Press Release  March 2, 2021

Petzel Show Mine Digs Into Tech, Labor, & Earth Resources

Courtesy of the artist and Petzel, New York.

Simon Denny, Amazon delivery drone patent drawing as virtual Rio Tinto mineral globe (US 10,246,186 Bl: UNMANNED AERIAL VEHICLE WITH INFLATABLE MEMBRANE, 2019), 2021. Powder-coated aluminum, steel, fiberglass, resin, paint. 26.77 x 16.54 x 30.31 inches.

Petzel Gallery is pleased to announce Mine, a new exhibition by Simon Denny opening Thursday, March 18, 2021 at the gallery’s Chelsea location. Mine is the culmination of a multi-year project exploring themes of technology, labor, and our relationship with the earth.

Denny has been developing this body of work since 2016 with major exhibitions in 2019 at the Museum of Old and New Art (MONA), Tasmania (Australia), and 2020 at K21 – Kunstsammlung Nordrhein-Westfalen, Düsseldorf (Germany). This will be Denny’s fourth solo exhibition with Petzel.

Courtesy of the artist and Petzel, New York.

Simon Denny, Amazon delivery drone patent drawing as virtual Rio Tinto mineral globe (US 10,246,186 Bl: UNMANNED AERIAL VEHICLE WITH INFLATABLE MEMBRANE, 2019), 2021. Powder-coated aluminum, steel, fiberglass, resin, paint.

Focused on the interconnections between data mining, mineral mining, and the mechanization of labor, Mine brings together a collection of recent works including several large cardboard sculptures imitating giant automated mining machines; a series of wall-mounted paper reliefs and printed vitrines; and a new Augmented Reality sculpture based on a 2019 patent drawing filed by Amazon.com for a delivery worker replacement drone.

Denny’s artwork raises questions about the effects of further automation on the limited jobs still left in increasingly mechanized sectors such as mining, service, and logistics.

What happens as the labor force shrinks in these traditional industries? How will individuals and worker communities dialogue with those in power in the future? Where will the leverage they once brought now come from?

Amazon’s drone design contains a hot air balloon, recalling the speculative balloon-based flying machine epoch of defining technological developments such as hot air balloons, airships, or Zeppelins, that have become symbols of both achievement and caution in centuries past. Denny's new sculpture projects an animated AR model of a revolving, rocky, mineral-rich, planet Earth onto the drone’s balloon bulge.

This vision of Earth-as-resource is borrowed from the advertising materials of one of Amazon’s most prominent data services clients: the multinational mining group Rio Tinto. Spinning inside the body of the Zeppelin drone, the “Earth-rock” transforms Amazon's worker-replacement model into a raw terrestrial globe, without oceans or other representations of life.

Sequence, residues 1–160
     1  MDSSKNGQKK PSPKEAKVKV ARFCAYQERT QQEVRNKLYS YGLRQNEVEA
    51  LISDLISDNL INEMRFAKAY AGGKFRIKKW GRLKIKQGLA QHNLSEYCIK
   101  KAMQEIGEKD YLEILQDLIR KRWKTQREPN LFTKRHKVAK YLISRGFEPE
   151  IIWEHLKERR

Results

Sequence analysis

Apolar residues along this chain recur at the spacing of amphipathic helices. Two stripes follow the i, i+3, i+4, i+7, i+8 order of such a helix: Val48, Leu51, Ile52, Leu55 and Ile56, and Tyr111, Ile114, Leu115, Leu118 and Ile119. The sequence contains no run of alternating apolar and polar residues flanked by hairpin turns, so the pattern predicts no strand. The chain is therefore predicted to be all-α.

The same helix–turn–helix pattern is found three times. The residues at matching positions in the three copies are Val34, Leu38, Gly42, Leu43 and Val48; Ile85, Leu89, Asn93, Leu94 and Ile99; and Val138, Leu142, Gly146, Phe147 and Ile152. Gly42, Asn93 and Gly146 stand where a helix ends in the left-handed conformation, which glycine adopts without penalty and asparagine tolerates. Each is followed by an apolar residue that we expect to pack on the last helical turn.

A post shared by Simon Denny (@sden023)

Embedded in the exhibition is Extractor, a playable board game that also functions as a take-home catalogue. Players collect data in the form of tokens, which they must stack on plastic-molded racks and place in cloud services to monetize what they have mined and thus win the game. The hybrid sculptures-cum-display units presenting the boxed games mirror the dynamics of the monopolistic platform businesses that control much of our internet infrastructure.

Denny’s Mine reflects not only upon the near future but also on the conditions of the present—unearthing real designs for machines that confront us with our own sublime and troubling counterparts. The work continues an artistic tradition of interpreting technological production as keys to understanding our environment and the forces that impact it.

 
 
 
 
 
 
 
 
 
 
 
 
 
 
 

A post shared by Simon Denny (@sden023)

Simon Denny (b. 1982 Auckland, New Zealand) lives and works in Berlin, Germany. He makes exhibitions that unpack the social and political implications of the technology industry and the rise of social media, startup culture, blockchains, and cryptocurrencies, using a variety of media including installation, sculpture, print, and video. In 2016 he co-founded the artist mentoring program BPA//Berlin Program for Artists and has served as Professor of Time-Based Media at The Hochschule für bildende Künste Hamburg (HFBK) since 2018.

Denny studied at the Elam School of Fine Arts, University of Auckland, graduating with a BFA in 2005, and at the Städelschule, Frankfurt am Main, completing a Meisterschule in 2009. Recent solo exhibitions include K21– Kunstsammlung Nordrhein-Westfalen, Düsseldorf (2020); the Museum of Old and New Art (Mona), Tasmania (2019); MOCA, Cleveland (2018); OCAT, Shenzhen (2017); Hammer Museum, Los Angeles (2017); WIELS Contemporary Art Centre, Brussels (2016); Serpentine Galleries, London (2015); MoMA PS1, New York (2015); Portikus, Frankfurt (2014) MUMOK, Vienna (2013); Kunstverein Munich (2013). He represented New Zealand at the 56th Venice Biennale in 2015. His works are represented in institutional collections including Kunstsammlung Nordrhein-Westfalen, (Düsseldorf), MoMA (New York), Walker Art Centre (Minneapolis), Kunsthaus Zürich (Zürich), Sammlung zeitgenössischer Kunst der Bundesrepublik Deutschland (Berlin) and Museum of New Zealand Te Papa Tongarewa (Wellington).

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